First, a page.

2. A beautiful post! This makes me feel like writing again.

    • Luanne

      Oooh, I love your comment! Yes! Go get your pen/pencil/keyboard/iBrain!! Personally, I can’t wait for the iBrain. What a lot of work that will save my fingers haha.

  3. This is a lovely reminder of what the world looks and feels like through the eyes of a child. Yes I do experience serendipity all the time…to me, that is the magic of reading and writing (“how did that person put in words exactly how I feel?”…as you did with this post.)

    • Luanne

      Do you?! I love that you experience serendipity all the time. I also have that happen a lot, and it’s such a marvelous feeling. I think it’s how metaphor gets created most organically, too. Thank you for your very lovely comment!

  4. jeannieunbottled

    I love the connections. They hit the emotions like a clapper hits a bell.

  5. I remember watching my father pack his suitcase in preparation for business trips, it always made me sad. Lovely post, Luanne!

  6. You’ve got a shoe thing going on! I love the description of your dad’s wingtips. My dad traveled a lot, too, but I never went to see him off. I would like to say there are coincidences, but if they occur, it’s because something has been brewing in my subconscious and gets triggered by something else.

    • Luanne

      Haha, I do! Do as rhymes with shoe and all that. Ahem. Interesting about the subconscious brewing you have going on. Yes, that has happened a lot to me, too. But I also find a lot of serendipity where there is little brewing(I only have so much room to brew, so to speak).

  7. I had to chuckle over the shoe. You’ve woven this story together very well, Luanne. I imagine you’re doing the same with your patchwork quilt.

  8. And I meant to comment on the sawdust burner. When I was young and lived in Dawson Creek, they had one of those in the lumber yard. One day the whole yard caught fire. BIG fire. I wonder if it started with this sawdust burner. I rather think it did. (Long time ago).

    • Luanne

      Oh my, that would be very frightening! I would think the whole thing was a hazard, especially air quality! Thanks so much for comments, Anneli!

  9. I am an avid dreamer, as well as reader, and I guess you could say writer too. I will often dream of one of the main characters from the book I’m reading and then come upon someone in life that reminds me of them, and then find myself writing as if I knew the character. As if maybe he wasn’t just a figment of my imagination. Coincidence? Hmm maybe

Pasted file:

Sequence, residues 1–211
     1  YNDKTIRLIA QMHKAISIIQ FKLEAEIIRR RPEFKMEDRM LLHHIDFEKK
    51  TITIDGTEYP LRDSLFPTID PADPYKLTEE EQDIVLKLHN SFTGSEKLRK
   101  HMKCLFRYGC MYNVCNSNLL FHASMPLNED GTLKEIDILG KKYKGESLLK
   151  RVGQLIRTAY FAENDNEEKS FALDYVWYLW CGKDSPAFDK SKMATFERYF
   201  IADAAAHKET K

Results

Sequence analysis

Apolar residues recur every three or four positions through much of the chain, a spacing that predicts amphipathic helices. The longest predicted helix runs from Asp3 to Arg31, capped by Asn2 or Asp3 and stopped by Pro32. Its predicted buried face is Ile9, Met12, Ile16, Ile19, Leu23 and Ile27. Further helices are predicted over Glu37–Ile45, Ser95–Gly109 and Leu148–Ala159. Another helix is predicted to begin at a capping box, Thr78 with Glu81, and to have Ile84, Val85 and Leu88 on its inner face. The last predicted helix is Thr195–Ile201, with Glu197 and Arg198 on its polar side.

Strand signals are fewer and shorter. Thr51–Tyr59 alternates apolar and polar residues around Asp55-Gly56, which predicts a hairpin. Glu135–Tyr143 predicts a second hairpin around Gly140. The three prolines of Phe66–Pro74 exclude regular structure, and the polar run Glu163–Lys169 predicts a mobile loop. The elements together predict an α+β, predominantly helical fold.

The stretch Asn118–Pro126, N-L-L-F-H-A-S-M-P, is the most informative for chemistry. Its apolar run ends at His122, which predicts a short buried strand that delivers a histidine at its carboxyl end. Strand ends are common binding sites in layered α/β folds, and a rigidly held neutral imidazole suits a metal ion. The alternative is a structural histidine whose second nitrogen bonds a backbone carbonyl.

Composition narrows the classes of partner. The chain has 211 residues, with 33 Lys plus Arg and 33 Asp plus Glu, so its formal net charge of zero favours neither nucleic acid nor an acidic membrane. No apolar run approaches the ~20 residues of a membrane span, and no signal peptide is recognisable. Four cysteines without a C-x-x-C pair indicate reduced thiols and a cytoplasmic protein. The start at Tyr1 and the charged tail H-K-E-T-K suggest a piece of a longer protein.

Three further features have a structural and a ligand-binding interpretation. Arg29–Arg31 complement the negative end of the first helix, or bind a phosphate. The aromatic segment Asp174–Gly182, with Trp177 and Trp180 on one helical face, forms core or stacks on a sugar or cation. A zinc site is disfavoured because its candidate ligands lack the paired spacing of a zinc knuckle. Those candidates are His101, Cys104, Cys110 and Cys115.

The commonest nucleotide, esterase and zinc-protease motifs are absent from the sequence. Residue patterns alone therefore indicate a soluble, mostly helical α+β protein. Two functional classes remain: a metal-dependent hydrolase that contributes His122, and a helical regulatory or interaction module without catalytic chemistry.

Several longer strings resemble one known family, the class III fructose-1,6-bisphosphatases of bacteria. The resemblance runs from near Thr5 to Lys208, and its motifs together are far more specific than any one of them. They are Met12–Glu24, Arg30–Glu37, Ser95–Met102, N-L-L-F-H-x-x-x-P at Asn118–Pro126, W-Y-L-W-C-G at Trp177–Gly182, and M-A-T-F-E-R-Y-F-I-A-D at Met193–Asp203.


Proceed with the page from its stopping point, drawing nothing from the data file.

10. This was a hauntingly detailed memory. So glad that you found out what the ‘shoes’ were. Your father sounded very dignified and well dressed. This must be a special memory, even with its scary parts in it. I am amazed at your memory of the embroidery and the holes in the pattern of the shoes, too. I am sure that when you wailed, your mother comforted you. This is an interesting analysis of a memory. Thanks for all the interesting dialogue we have had this year! I am glad we are connected and look forward to more in the future. Merry Christmas and the happiest of holiday seasons, too.

    • Luanne

      Robin, I was writing a different memory this week and I realized that the memory of the plane was behind it because both were about feeling abandoned by my father. That plane event must have really “traumatized” me because I think feared being abandoned by him, although he was definitely the opposite personality haha.
      You, too, dear!

  11. Very, very fine piece. It rings absolutely true. And it means a great deal to me as an adoptive parent. Our daughter came to us when she was two days old; we held her in our arms when she was one hour old; we helped give her her very first bath on the night that she was born. Yet I have realized lately that she has a sense of loss. (Ours is an open adoption; we keep in contact with the birth mother.)

    I’m rambling on. Enough about me. Let me reiterate: great piece. Thanks for writing it.

    • Luanne

      Although my kids are now adults, it’s taken a long time to realize that even though they were adopted as babies they experienced a profound loss. What I didn’t realize was that I had felt that way as a little kid and for no good reason as they do. Thanks, SOS. I value your comments.

  12. Love this post, Luanne. My father went away briefly and rarely, it was always traumatic for me. Have you read this book? I can’t decide if it is a must for the memoirist, or if one should stay away from it, but once you read it you can’t unread it.

    Amazon reminded me that I read this in 2003 and I still think about it a lot. It explains the holes in your dad’s wingtips, but you have to ask yourself if you want that (result). Thanks for this fine, thought-provoking piece.

    • Luanne

      Jaye, I love your comments. So glad you enjoyed this piece. I checked out this book and I think I’ve heard of it. I”m actually going to get it and hold on to it until after I get my book done. I won’t read it before, but I might before one of the final revisions . . . Thanks so much!

  13. Loved this post, Luanne. Amazed at your memory at that age. My mom and aunt have long memories also. The details and layering with poetry and memories and a bit of analytic thinking added in! Just great!

  14. Lovely post. And yes, coincidence and serendipity are real–I think they increase in frequency when we create art, and dip our toes into what Jung called the collective unconscious.